The Stadium Welfairy Tale

Editorial.

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By Thomas L. Knapp

Most fairy tales begin “once upon a time, in a land far, far away.” The American sports industry’s fairy tale begins “all the time, right here.” Apart from that, though, it’s very similar to other fairy tales in that no sensible adult really believes the main elements of the story. It goes like this:

The ultra-wealthy owners of an ultra-profitable sports franchise decide their team needs a new stadium. But they have no intention of paying for that stadium themselves. They want the local, county and state governments in the area where the team plays to pick up the tab. And if those governments don’t cooperate, well, they’ll pack up the team and move it to some area with a government that’s more willing to fleece the taxpayers on its behalf.

Here’s where the fairy tale element comes in: Hey, guys, relax — this thing will more than pay for itself! Sure, you’re going to make taxpayers cover the building costs. Sure, you’re going to write all kinds of special tax breaks for the team’s owners into the deal. But the new stadium will create so much new economic development around it that you’ll be swimming in new jobs (and new tax revenues) before you know it. Everybody wins!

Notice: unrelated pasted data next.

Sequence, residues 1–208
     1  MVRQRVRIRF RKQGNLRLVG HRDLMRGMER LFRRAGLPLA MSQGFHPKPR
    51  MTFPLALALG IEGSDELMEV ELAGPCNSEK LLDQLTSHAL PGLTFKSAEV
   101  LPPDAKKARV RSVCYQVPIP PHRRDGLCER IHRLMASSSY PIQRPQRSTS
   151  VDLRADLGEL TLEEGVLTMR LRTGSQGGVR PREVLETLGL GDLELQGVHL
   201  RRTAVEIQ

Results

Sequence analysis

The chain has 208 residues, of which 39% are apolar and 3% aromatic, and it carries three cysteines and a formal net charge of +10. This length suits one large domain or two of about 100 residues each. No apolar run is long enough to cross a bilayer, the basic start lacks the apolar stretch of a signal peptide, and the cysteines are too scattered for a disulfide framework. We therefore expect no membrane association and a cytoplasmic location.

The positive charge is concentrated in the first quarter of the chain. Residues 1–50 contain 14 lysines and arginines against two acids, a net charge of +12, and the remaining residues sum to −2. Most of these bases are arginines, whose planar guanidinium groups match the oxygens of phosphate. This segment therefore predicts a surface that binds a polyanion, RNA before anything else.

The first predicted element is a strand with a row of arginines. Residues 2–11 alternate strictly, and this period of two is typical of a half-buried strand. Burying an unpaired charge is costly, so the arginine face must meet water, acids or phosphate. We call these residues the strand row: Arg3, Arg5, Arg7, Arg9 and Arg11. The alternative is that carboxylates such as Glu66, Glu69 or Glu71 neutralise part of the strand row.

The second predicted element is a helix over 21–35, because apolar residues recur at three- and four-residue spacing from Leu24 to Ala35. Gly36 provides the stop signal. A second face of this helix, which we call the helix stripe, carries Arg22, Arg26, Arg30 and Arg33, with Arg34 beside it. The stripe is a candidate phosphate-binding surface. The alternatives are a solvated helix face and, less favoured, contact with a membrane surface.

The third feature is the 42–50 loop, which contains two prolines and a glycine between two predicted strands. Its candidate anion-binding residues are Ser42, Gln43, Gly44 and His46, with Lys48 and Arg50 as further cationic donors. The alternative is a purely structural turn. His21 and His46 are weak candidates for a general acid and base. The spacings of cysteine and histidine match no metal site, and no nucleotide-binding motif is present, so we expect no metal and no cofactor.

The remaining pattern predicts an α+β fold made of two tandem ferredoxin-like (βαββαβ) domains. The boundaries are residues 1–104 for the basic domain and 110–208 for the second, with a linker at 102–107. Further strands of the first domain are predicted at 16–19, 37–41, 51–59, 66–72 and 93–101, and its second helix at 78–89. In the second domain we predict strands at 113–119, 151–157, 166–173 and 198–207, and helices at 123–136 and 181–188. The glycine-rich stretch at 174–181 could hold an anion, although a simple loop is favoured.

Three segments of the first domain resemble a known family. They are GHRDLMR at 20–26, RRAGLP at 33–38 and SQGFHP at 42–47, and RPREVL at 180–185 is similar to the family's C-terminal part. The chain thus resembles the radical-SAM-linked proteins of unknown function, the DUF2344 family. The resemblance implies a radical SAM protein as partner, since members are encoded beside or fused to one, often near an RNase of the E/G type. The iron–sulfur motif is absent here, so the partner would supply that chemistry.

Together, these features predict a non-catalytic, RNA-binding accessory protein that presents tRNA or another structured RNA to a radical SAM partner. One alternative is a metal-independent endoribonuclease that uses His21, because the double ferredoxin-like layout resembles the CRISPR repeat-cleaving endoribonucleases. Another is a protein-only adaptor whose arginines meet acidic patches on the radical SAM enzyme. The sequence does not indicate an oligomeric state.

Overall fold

Well, no, everybody doesn’t win. Study after study shows that the “economic development” claims are fairy tales. Stadium projects are at best an economic wash for the locales in which they’re built. The franchise continues to rake in fat stacks of cash; the taxpayers are just out a bunch of money.

My former home area of St. Louis, Missouri seems to be the proverbial sucker born every day. A decade or so ago, area governments built a new stadium for the local Major League Baseball team, the Cardinals.

Now the city’s National Football League franchise, the Rams, wants one too, at a cost of $1.1 billion, even though the bonds on their current venue, the Edward Jones Dome, won’t be paid off for another six years. The team’s owner, Stan Kroenke (estimated net worth: $7.7 billion), has threatened to move the team back to California if the taxpayers won’t pick up the vast bulk of the check.

Let’s call this what it is: Welfare for the rich, stolen from regular folks. The billionaires get a happy ending. Everyone else gets eaten by the bears. Or, in this case, by the Rams.

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Thomas L. Knapp

Thomas L. Knapp is director and senior news analyst at the William Lloyd Garrison Center for Libertarian Advocacy Journalism (thegarrisoncenter.org). He lives and works in north central Florida.

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